Understanding fracture development in the context of the chemical and physical processes undergone by the reservoir from deposition through burial is a powerful tool for reservoir characterization. These processes control the distribution and density of different fracture types and their effective flow properties. Classification of fractures from a genetic standpoint has provided a robust framework to develop conceptual models on fracture distribution in this large carbonate field.

Three distinctive fracture generations are defined in this field based on direct core observations. Generations are named A, B, C based on their relative timing. Generation A corresponds to syn-depositional fractures, often filled with volcanic debris and early marine cements. Generation B corresponds to burial related fractures that develop due to vertical loading and compaction. They often appear in association with stylolites. Generation C also forms in the burial realm and they are thought to be related to overpressure in the context of the hydrocarbon charge.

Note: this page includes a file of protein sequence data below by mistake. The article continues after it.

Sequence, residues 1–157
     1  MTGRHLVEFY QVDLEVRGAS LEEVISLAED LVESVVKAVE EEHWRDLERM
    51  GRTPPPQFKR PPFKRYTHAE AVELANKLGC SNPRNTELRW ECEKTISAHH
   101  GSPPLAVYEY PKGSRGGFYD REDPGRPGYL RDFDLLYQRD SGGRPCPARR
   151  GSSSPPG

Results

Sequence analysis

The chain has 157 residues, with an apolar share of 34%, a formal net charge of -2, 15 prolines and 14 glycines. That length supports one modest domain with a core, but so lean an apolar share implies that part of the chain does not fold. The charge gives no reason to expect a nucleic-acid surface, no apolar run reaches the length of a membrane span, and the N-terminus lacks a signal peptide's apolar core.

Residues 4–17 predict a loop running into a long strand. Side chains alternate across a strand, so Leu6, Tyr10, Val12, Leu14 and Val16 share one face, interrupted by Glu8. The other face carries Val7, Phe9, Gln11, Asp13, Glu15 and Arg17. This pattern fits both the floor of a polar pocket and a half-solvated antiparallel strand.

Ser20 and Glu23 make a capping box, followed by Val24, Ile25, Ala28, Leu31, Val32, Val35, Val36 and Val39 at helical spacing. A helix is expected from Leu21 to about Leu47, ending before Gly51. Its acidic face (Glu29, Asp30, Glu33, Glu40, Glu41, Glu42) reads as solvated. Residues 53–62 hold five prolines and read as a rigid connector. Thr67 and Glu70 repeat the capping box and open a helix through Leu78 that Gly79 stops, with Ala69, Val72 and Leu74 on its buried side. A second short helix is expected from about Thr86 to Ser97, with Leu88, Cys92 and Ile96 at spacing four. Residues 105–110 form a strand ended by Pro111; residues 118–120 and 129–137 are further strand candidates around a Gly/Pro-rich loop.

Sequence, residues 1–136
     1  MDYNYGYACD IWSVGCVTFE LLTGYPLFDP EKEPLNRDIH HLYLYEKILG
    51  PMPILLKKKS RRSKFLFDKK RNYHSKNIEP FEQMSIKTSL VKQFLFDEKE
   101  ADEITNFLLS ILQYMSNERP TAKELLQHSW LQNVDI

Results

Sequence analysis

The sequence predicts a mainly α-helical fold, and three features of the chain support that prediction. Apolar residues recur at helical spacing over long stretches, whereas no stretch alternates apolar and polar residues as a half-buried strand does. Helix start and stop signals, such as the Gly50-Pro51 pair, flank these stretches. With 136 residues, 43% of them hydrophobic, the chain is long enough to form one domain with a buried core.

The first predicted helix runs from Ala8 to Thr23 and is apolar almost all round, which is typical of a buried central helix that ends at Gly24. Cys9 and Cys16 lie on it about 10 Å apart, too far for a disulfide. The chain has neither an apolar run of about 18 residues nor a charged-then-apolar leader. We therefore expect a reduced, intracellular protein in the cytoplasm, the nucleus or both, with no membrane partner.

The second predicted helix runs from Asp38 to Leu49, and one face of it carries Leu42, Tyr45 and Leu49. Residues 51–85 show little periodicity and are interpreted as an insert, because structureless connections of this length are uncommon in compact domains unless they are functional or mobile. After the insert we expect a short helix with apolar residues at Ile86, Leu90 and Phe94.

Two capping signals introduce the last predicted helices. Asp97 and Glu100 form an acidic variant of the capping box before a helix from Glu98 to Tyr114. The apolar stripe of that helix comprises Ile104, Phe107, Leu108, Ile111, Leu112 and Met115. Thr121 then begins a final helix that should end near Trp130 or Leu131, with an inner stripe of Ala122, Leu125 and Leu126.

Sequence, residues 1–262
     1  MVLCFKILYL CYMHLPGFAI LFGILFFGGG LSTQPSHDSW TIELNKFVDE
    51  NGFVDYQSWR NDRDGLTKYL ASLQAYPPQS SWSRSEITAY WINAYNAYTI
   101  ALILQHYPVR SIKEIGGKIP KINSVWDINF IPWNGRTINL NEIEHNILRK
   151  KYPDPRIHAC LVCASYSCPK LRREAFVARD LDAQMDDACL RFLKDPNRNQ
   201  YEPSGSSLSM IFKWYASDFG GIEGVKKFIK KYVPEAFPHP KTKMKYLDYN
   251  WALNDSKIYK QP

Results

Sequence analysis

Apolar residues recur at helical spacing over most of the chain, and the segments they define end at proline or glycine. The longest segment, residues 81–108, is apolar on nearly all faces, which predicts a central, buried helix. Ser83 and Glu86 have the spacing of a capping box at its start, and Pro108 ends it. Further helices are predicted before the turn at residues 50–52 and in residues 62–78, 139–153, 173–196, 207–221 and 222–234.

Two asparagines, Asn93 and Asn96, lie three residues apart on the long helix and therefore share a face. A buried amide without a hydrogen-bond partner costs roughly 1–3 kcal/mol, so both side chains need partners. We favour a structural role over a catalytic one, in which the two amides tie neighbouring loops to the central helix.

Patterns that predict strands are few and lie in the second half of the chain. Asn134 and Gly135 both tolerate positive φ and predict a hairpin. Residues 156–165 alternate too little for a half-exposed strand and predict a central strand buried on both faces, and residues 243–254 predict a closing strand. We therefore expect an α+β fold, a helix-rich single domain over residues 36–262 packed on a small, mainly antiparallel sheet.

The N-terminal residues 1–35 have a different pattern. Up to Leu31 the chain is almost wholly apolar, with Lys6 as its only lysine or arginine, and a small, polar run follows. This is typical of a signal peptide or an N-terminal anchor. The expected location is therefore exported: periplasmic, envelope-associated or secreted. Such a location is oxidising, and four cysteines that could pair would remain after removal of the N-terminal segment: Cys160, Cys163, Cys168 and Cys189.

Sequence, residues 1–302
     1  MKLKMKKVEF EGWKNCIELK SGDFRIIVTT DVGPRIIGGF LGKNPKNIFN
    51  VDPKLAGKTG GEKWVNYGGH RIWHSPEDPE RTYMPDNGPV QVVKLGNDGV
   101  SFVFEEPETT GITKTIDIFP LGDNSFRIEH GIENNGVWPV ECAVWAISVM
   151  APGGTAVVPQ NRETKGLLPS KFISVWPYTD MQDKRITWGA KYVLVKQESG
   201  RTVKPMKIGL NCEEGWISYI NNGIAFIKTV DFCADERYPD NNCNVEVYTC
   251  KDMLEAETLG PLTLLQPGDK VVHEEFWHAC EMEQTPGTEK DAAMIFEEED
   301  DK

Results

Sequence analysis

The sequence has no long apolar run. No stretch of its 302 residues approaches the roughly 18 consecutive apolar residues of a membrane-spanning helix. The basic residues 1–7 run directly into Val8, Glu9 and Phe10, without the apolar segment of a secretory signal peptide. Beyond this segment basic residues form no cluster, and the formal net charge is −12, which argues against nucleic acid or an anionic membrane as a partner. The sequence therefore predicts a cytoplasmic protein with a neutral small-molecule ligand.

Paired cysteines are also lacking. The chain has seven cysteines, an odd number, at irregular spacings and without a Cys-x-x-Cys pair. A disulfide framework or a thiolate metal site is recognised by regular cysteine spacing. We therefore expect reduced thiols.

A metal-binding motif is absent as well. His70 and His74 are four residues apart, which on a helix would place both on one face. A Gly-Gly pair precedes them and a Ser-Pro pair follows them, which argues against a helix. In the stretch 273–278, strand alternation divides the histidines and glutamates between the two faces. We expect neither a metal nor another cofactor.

Integration of core and image log observations suggests that syndepositional fractures are more abundant along the rim, with the maximum occurrence at the outer platform to slope transition. Burial fractures, on the other hand, are ubiquitous across the field. High fracture densities occur in the slope where dissolution processes also enhance the fracture network. The dynamic potential of these features is supported by the presence of severe mud losses while drilling, which is used as a proxy for excess permeability in the absence of well test or production data. Lost circulation events are evaluated using observations from core and image logs to determine their root cause.

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